Counterpoint: The Benefits of Corporal Punishment

Wilson, Brian
March 2016
Points of View: Corporal Punishment;3/1/2016, p6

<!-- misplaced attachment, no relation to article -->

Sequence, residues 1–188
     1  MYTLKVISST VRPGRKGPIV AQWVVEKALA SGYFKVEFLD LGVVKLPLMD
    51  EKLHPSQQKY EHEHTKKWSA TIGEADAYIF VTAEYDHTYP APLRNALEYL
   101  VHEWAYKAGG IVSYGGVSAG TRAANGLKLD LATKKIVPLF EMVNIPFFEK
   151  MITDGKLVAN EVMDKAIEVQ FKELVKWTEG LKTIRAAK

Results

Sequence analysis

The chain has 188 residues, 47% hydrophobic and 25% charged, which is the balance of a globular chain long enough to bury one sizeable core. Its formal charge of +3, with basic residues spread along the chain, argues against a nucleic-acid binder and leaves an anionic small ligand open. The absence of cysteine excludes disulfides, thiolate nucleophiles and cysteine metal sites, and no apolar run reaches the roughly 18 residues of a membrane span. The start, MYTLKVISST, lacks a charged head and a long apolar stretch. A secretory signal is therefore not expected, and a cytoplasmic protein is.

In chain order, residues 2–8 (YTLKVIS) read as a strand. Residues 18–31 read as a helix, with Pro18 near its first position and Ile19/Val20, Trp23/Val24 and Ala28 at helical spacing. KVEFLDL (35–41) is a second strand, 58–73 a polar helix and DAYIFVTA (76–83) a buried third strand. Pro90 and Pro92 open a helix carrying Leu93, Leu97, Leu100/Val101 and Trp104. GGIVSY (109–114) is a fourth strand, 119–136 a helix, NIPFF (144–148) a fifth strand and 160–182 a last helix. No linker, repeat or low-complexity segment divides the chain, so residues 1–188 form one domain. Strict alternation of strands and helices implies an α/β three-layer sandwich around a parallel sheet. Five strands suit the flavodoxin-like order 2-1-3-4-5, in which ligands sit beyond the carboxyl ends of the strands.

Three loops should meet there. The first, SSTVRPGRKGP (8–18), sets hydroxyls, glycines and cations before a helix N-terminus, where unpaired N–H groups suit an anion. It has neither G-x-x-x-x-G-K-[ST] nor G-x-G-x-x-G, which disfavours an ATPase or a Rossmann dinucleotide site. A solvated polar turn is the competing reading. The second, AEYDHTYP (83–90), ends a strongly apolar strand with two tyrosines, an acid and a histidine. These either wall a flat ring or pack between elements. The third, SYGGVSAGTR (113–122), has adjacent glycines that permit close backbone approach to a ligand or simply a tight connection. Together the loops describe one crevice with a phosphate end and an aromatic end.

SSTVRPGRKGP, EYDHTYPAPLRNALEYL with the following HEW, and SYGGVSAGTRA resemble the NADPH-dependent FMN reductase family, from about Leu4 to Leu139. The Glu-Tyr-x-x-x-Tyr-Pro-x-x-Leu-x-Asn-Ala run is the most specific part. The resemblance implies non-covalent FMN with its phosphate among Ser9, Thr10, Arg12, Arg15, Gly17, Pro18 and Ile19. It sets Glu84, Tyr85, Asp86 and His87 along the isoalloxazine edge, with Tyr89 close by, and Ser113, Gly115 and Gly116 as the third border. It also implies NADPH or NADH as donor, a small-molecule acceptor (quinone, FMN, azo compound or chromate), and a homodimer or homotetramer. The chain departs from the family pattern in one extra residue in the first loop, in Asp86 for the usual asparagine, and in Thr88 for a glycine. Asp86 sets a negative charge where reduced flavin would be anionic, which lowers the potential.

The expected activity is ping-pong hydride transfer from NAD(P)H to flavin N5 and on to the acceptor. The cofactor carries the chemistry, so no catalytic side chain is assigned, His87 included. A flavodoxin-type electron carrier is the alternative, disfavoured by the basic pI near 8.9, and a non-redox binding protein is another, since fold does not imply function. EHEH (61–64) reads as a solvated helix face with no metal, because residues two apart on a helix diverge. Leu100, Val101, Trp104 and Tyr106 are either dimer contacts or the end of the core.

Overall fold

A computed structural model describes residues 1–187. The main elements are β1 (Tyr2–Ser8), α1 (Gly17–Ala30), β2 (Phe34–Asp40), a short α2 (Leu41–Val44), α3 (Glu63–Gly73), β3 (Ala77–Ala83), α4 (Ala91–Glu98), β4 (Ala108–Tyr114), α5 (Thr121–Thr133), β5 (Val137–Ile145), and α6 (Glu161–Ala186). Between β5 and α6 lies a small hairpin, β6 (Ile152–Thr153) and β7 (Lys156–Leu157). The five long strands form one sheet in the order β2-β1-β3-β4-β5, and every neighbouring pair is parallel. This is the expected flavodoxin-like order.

This article presents an argument on the benefits of corporal punishment. Despite myriad complaints and studies suggesting the contrary, common sense dictates that corporal punishment should work. One must not forget the power of intimidation. To have a coach or assistant principal display a large paddle in their office provides many students with enough incentive to listen to their teachers. At the very least, corporal punishment should help maintain order in the classroom. Immaturity makes it inevitable that students will misbehave at times, since most children dislike school. They may enjoy learning, but would rather not deal with the structure of the classroom. Discipline is necessary to keep children accountable, and to ensure that the few who refuse to follow directions do not unfairly hamper the chances of others to learn essential skills. Any policy involving spanking must be approached very delicately. A school administrator giving a child a firm swat on the bottom when other forms of discipline do not work is indeed embarrassing, but if all it damages is the ego, spanking is undoubtedly an appropriate punishment.


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